I wish you were here, dear, I wish you were here.
I wish you sat on the sofa
and I sat near.
the handkerchief could be yours,
the tear could be mine, chin-bound.
Though it could be, of course,
the other way around.
I wish you were here, dear,
I wish you were here.
I wish we were in my car,
and you’d shift the gear.
we’d find ourselves elsewhere,
on an unknown shore.
Or else we’d repair
To where we’ve been before.
I wish you were here, dear,
I wish you were here.
I wish I knew no astronomy
when stars appear,
when the moon skims the water
that sighs and shifts in its slumber.
I wish it were still a quarter
to dial your number.
I wish you were here, dear,
in this hemisphere,
as I sit on the porch
sipping a beer.
It’s evening, the sun is setting;
boys shout and gulls are crying.
What’s the point of forgetting
If it’s followed by dying?
~ Joseph Brodsky
They say that our thoughts drive our emotions. But there are times when I think that it is very much the other way around.
For me, today was one of those days. I felt unusually powerful emotions throughout the morning; indeed, from the moment of waking from a restless sleep. Being mindful of the identity of these emotions, and, in turn, of the implications of their sudden appearance, long dormant, my mind became increasingly busy with self-examination, and conflicting analysis.
So I went for a long walk.
After about 10km, during which time I had only briefly succeeded in “finding my centre”, my downcast gaze lifted sufficiently, and at just the right moment, to notice something in a nearby field, which sight served as a metaphorical (and necessary) slap on the cheek.
Twin lambs were running eagerly across the field, to meet their approaching mother. The beauty, the majesty of this simple picture was of itself enough to liberate me from the shackles of my cogitations concerning the unimportant; that is to say, concerning myself. As my thoughts (and feelings) turned fully to this vision, leaving self-focussed thoughts and feelings far behind, the remainder of my walk was, despite physical weariness, a spiritual refreshing.
When dancing lambs and graceful ewe met in the middle, I experienced a mixed feeling of mild amusement (bringing a small smile), and empathetic affront (bringing a stab of inner pain), on seeing the forcefulness — I may even say, violence — with which the two lambs attacked their mother’s udder to suckle. It briefly occurred to me that perhaps the second of these responses arises from my upbringing, and the manner in which I was raised to view and treat the fairer sex.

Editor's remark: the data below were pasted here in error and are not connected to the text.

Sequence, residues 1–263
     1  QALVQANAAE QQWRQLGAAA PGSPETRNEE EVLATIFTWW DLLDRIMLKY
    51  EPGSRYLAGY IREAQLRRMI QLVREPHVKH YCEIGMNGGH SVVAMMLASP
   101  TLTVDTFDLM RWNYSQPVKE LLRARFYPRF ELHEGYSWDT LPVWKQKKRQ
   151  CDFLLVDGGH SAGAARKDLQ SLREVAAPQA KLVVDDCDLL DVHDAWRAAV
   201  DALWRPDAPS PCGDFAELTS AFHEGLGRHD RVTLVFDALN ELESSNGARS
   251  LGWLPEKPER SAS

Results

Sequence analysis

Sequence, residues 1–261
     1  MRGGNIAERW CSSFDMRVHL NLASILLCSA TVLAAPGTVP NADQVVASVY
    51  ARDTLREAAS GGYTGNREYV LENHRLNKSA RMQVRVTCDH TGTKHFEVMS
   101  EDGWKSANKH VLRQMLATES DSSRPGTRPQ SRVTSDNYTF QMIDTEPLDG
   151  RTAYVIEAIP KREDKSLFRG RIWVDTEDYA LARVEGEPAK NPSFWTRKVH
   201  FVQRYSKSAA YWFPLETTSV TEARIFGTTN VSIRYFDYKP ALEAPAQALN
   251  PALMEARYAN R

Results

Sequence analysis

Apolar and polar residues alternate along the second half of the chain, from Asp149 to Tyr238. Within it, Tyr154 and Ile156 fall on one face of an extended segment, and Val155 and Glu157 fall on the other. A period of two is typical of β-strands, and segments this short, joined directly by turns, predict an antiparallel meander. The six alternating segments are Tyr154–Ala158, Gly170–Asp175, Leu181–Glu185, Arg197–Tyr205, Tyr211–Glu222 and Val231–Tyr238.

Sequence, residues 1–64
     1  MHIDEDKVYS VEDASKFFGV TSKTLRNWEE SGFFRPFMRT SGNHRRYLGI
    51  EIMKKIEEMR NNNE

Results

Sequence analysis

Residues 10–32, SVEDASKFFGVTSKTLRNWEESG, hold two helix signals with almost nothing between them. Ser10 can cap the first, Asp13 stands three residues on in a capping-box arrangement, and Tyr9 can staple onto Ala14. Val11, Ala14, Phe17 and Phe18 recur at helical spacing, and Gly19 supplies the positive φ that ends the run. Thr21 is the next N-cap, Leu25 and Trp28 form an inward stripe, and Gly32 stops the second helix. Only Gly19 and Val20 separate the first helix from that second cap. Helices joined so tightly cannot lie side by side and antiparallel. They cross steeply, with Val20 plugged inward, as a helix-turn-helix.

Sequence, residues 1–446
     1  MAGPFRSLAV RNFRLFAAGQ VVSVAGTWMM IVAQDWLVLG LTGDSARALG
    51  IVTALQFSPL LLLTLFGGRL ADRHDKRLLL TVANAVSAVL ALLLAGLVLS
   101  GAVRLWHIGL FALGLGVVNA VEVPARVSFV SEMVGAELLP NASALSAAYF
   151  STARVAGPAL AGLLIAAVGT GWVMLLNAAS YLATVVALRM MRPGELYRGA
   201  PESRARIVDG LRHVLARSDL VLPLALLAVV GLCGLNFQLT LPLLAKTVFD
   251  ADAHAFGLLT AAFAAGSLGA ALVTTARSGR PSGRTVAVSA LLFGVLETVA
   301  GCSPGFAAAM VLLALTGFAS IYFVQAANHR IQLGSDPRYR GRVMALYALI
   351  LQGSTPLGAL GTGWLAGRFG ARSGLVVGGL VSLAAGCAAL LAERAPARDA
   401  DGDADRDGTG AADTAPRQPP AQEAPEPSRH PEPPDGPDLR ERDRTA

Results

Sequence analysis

Whether it is nurture, or nature that is responsible, I cannot say with any certainty. One thing of which I am certain, is that it has always felt right, and deeply natural to me, to afford the female of the species — all species, not only my own — with something that would quite appropriately be called reverence.
To treat a female — any female, of any species — with anything other than a reverential gentleness, is a concept that I find to be completely alien. Unnatural. Wrong. Not just in a moral, but in a spiritual, cosmic sense. As in, to me this is a matter of cosmic importance.
No doubt this is one among several reasons why, as mentioned in a recent post (“Before everything got amplified”), I have always felt somewhat “out of place” living in this period of human history, and more particularly, within the increasingly “loud”, aggressive, degenerative, and degrading Western culture.
It seems altogether clear to me that, for all the oft-purported glories and righteousness of the feminist revolution in the West, what has been “achieved” in actuality is almost unspeakably lamentable: a less-than-subtle, real world debauching of women.
In our grossly, crassly over-sexualised society, the marketing gurus, Hollywood celebrity machine, and avaricious bankers, have elevated onto the public pedestal the substitute image of a female “goddess” who, far from being a subject of mystery, awe, and near-divine reverence, is rather an object of thinly veiled, overtly sexual, brazen superficiality.